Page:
Science, Spirituality, and Psychedelic Drugs



by Benjamin Martinez15767707

LSD, DMT, Iboga, Magic Mushrooms, and Ayahuasca. These are a few of the drugs or substances included in the ever-expanding list of psychedelics. Psychedelics, first popularized in the 1960’s by LSD’s chief promoter Timothy Leary, work with the human psyche to cause altered states of mind or consciousness. These altered states, or more commonly called trips, have benefited the development of the human brain, culture, and religion.


Two of the most pondered questions about psychedelics are: What do they do? and, How do they do it? From a scientific standpoint it is simple, these psychedelic drugs cause “dilated pupils, elevated body temperature, increased heart rate and blood pressure, appetite loss, sleeplessness, tremors, headaches, nausea, sweating, heart palpitations, blurring of vision, memory loss, trembling and itching”. But surely there is a reason that, despite all these seemingly unwanted side effects, psychedelic drugs are still ingested illegally and legally across the United States and elsewhere. “To convey the varieties of psychedelic experience is to experience the only partially descriptive capacity of words”. This partially descriptive quote by Phil Wolfson from the Institute for Labor and Mental Health may provide the best insight into the mind of the psychonaut (“psychedelic astronaut”).


This gives way to a tremendous thought or concept, giving psychedelic drugs themselves the upper hand to any form of read trip report or description. These descriptions, although underhanded, hold a sense of beauty and wonderment when paired with a visual, creative mind. The following is a report from a volunteer of Dr. Rick Strassman, who conducted “the first new research in the United States in over twenty years on the effects of psychedelic, or hallucinogenic, drugs on humans”. “I felt the DMT go in and it burned in my vein, It was hard to breathe into it. Then the patterns began. I said to myself, “Let me go through you.” At that point it opened, and I was very much somewhere else. I believe it was at that point that I went out, into the universe – being, dancing with, a star system. I asked myself, “Why am I doing this to myself?” And then there was, “This is what you’ve always been searching for. This is what all of you has always been searching for”. Psychedelics have been known for overwhelming visuals, patterns, and hallucinations but the scientific and biological implications could be equally if not more astounding than the psychedelic effects that not even words can properly represent.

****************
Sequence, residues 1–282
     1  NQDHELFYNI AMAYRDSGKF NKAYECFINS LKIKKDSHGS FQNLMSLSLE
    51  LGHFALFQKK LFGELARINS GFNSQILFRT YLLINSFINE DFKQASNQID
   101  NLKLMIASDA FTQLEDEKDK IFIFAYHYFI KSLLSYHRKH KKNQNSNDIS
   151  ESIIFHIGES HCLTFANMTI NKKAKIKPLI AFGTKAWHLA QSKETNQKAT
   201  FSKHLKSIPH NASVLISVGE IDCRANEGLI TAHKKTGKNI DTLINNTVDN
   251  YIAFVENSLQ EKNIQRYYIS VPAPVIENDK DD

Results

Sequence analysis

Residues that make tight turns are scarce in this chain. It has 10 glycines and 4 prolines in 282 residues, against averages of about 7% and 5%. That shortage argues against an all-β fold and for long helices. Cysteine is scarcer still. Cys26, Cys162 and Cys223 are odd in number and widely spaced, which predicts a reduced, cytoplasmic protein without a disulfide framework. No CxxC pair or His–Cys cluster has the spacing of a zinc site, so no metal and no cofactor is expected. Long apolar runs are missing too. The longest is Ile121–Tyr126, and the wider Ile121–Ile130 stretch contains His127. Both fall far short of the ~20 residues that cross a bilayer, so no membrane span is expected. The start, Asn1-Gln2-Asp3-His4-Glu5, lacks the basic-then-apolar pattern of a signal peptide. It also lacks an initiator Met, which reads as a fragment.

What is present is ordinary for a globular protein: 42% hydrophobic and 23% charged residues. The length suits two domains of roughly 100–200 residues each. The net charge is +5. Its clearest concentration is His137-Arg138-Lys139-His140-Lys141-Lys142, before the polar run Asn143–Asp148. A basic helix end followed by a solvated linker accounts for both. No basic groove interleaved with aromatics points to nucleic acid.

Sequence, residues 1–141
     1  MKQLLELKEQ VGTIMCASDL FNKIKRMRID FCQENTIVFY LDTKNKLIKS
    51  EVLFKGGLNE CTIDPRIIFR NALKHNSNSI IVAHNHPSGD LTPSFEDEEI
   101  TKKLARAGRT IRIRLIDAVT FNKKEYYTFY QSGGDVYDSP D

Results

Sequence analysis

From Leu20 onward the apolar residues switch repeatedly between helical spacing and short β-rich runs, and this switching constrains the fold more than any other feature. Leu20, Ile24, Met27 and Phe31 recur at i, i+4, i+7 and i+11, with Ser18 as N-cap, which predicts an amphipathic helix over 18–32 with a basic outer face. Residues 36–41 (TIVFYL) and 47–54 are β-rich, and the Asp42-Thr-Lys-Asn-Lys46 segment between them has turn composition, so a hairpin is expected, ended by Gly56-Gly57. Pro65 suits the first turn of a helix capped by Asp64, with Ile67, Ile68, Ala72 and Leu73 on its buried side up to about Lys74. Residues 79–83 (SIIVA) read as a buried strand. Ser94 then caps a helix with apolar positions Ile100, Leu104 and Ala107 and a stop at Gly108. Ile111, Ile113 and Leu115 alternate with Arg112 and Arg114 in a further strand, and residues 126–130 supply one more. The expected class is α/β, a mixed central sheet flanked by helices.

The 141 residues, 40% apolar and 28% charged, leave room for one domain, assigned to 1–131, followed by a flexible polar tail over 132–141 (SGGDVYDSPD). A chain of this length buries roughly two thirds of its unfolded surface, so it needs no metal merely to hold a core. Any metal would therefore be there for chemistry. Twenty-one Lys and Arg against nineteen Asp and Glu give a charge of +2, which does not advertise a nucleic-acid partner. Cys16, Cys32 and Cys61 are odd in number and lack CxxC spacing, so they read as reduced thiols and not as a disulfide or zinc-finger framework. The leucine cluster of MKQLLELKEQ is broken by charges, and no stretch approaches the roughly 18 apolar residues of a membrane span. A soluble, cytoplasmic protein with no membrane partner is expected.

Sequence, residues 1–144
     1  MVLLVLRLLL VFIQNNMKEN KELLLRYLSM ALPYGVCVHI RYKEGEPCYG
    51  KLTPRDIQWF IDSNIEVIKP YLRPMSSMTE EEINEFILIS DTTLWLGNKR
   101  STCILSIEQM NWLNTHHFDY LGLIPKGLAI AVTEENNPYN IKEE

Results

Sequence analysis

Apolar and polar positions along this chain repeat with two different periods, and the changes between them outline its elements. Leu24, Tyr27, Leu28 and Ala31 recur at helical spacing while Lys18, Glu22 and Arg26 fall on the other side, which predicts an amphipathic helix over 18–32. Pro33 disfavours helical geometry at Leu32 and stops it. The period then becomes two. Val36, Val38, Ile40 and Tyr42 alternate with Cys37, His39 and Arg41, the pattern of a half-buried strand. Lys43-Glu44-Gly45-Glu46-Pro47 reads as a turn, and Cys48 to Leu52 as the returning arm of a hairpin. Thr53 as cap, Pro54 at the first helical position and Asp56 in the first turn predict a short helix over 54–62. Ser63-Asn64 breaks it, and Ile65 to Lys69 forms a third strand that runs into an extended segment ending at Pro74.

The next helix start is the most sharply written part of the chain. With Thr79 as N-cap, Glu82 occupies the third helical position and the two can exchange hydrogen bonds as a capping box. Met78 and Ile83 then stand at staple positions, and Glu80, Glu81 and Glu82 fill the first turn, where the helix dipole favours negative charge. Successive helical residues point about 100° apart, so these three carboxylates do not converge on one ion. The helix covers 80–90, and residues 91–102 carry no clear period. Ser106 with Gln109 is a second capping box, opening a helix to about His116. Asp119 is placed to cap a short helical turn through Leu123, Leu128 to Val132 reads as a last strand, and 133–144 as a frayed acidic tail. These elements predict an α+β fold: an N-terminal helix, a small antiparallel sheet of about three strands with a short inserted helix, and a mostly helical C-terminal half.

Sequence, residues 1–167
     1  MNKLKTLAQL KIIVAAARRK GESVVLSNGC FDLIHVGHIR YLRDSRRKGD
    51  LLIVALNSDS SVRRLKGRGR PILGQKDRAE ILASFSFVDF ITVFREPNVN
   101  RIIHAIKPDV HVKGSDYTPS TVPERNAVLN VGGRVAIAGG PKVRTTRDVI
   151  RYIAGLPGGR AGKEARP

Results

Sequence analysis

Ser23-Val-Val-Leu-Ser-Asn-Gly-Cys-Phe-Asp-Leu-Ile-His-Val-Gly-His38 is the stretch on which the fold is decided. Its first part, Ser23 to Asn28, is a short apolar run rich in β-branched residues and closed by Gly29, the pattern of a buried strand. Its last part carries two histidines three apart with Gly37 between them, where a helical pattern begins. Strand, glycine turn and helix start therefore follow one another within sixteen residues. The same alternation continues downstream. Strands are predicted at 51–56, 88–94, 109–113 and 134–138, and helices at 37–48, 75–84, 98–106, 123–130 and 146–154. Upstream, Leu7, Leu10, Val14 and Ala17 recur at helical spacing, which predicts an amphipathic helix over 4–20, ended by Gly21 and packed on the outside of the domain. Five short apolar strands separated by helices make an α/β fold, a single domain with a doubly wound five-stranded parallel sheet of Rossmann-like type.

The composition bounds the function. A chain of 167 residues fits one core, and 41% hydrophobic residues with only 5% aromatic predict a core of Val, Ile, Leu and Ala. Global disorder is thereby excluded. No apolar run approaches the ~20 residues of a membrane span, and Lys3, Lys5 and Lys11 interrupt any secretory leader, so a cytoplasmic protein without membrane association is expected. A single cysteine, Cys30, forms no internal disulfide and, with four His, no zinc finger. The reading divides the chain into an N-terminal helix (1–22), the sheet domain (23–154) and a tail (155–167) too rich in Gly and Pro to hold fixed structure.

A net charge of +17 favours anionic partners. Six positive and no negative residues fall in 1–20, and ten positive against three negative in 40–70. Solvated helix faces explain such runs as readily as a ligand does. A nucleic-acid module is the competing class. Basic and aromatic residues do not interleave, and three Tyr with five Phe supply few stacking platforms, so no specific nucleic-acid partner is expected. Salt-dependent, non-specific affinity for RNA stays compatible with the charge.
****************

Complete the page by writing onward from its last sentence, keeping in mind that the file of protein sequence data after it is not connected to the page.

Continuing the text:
“Hallucinogenic drugs act initially on the serotonin system, which sends into motion a pattern of complex action potentials and activity”. Serotonin has been theorized to be a sort of emotion chemical, regulating mood, appetite, as well as sleep. “The monoamines, which include serotonin and dopamine, help to regulate mood, among other functions. Psychiatric drugs such as Prozac and Thorazine affect monoamines, as do psychedelic drugs such as LSD, psilocybin, and mescaline, which can produce mystical visions”. Serotonin has a tryptamine core, tryptamine being “a derivative of tryptophan, an amino acid present in our diet.” other tryptamine based atomic compounds include DMT (A endogenous fast acting psychedelic found in mammal and in plant life), LSD, Ibogaine (a psychedelic rootbark found in the west africa, used by the local Bwiti Tribe), Psilocybin and psilocin (The active ingredient in “Magic Mushrooms”), 5-methoxy-DMT (Also endogenous in many forms of plant and animal life), and finally melatonin, the chemical responsible for regulating sleep, as well as stress. The atomic similarities between the monoamines and psychedelic drugs is no coincidence, as any psychonaut would inform you of the incredible emotional effects hallucinogenic drugs can bring; ranging from a bad trip through the darkest corridors of the mind, to an enlightening discovery of Atman, Brahman, Nirvana, or Yahweh.


Melatonin, the best that science can figure, is produced by the pineal gland, a small solitary part of the brain system, solitary meaning it has no symmetrical pair, as the other parts of the brain do (Left frontal lobe, Right frontal lobe, etc). It is this small gland, Strassman believes, that produces much DMT; during birth, death, or near-death experiences, as well as mystical states (Meditation, Prayer) “The Pineal gland abounds both in chemical precursors of DMT, such as tryptophan, and in beta-carbolines, the same compounds that render DMT orally active in the South American brew Ayahuasca by counteracting the enzyme in the gut that breaks down DMT”. This makes Strassman’s theory extremely plausibe, though still not proven. Rene Descartes, the famous french philosopher proposed that the pineal gland was the “Seat of the soul…. being the connection between spiritual and physical”. An accusation made undoubtedly before endogenous DMT had been linked to the spot. “The pineal gland of evolutionarily older animals, such as lizards and amphibians, is also called the “Third” eye. Just like the two seeing eyes, the third eye possesses a lens, cornea, and retina”. The pineal gland of humans is in its own way a “Third eye” corresponding to the third eye of eastern religious tradition, the pineal gland is also light sensitive, odd for an organ so deep in our heads. In eastern, as well as some western, mysticism the third eye relates to other timeless realms of being or consciousness. Through the third eye, Gurus can “see” pantheons of Gods around a godhead in Hinduism, Tibetan Monks feel the overwhelming serenity of nirvana in Buddhism, or Israelite prophets may receive visions from Yahweh. In many religious traditions time is spoken of as non-linear. This is true in Jesus’ teaching to not be anxious for the things to come and the Buddha’s advice to live wisely in the present moment. “Such a perspective is identical to the mystical or shamanic understanding of reality. It matches the Hopi perspective on time, in which “All time is present now,”.